The palpatory reflective cycle is the process by which osteopaths make sense of palpatory experiences as raw feelings and sensations are woven together with knowledge and experience to form an understanding of what is under our hands. Through our work with osteopaths at all levels of experience, the authors have identified four key components of this process: - Direct experience - Expressing what we feel - Comparing with other experiences - Evaluating meaning and significance Though these elements are probably always present, they are frequently overlooked since they often take place automatically and unconsciously. Bringing them into focus opens up new possibilities for teaching and learning the art of palpation, which we will explore together in this workshop. In group discussions, we will reflect on how our ideas around palpation inform our approaches to teaching and how the teaching practices we base on them may support or hinder students' learning. Drawing on participants’ experience, we will extend the model as we consider the implications for how palpatory skills can be developed and enhanced in a variety of contexts. Working in trios at the treatment table, we will investigate how placing our emphasis on different aspects of the process can change the quality of our interactions. Participants will experience first hand how simply expressing what we feel, rather than succumbing to the pressure to interpret what it means, can help to generate an atmosphere of trust and a supportive group dynamic which facilitates honest reporting and open exploration of palpatory phenomena, laying a firm foundation for their accurate and reliable interpretation.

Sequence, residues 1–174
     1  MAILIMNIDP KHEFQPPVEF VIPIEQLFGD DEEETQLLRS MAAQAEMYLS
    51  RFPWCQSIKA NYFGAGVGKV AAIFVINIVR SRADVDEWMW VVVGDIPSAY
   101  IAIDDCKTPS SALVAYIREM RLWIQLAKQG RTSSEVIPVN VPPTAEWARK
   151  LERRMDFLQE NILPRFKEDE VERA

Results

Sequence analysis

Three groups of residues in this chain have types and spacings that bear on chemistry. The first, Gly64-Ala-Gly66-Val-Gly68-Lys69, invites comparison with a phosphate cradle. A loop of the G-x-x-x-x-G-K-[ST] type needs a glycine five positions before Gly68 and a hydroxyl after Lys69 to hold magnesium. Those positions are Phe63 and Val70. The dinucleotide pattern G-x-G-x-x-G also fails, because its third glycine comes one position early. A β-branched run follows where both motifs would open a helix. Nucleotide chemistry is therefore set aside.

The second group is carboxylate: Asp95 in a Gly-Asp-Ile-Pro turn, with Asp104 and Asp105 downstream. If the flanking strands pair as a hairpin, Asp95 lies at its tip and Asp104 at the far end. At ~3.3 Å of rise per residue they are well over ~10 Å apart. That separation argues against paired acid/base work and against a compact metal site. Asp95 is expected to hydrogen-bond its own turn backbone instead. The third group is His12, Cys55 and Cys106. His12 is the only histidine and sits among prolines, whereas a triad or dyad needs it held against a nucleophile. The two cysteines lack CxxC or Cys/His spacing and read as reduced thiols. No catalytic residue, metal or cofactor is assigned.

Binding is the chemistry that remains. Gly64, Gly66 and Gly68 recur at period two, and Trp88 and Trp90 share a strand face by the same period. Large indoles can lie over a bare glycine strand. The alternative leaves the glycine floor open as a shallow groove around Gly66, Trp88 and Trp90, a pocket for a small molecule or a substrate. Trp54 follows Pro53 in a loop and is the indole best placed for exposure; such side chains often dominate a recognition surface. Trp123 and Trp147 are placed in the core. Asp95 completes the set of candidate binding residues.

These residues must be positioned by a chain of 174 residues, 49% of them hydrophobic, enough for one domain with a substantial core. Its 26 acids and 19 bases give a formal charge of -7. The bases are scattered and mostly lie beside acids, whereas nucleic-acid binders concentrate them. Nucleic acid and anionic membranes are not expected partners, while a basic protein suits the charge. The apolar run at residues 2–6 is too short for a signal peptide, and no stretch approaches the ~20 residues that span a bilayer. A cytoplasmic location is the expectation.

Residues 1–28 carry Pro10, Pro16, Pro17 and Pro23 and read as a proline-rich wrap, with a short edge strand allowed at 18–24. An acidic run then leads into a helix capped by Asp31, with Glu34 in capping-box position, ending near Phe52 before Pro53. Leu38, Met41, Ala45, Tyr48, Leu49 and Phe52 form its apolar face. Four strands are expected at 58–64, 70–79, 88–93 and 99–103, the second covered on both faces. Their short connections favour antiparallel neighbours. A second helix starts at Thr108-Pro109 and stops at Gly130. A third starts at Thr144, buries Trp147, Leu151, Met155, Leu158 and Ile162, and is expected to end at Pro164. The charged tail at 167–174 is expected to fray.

Ernest Keeling graduated from the BSO in 1964 and has taught there on the undergraduate programme since 1965. He was a founder member of the Sutherland Cranial College and helped set up the organisation's faculty development programme. He has worked as a Consultant at the Osteopathic Centre for Children and has a special interest in the development of voluntary movement from early reflex movement patterns. He has taught palpation at the BSO since 1984. Ben Katz graduated from the BSO in 2004. He holds an MSc in Paediatric Osteopathy from the Osteopathic Centre for Children and a Postgraduate Certificate in Academic Practice. He is a member of the Institute of Classical Osteopathy and a fellow of the Higher Education Academy. He has been teaching palpation at the BSO since 2008 and has a special interest in the phenomenology of perception and its application to osteopathic practice.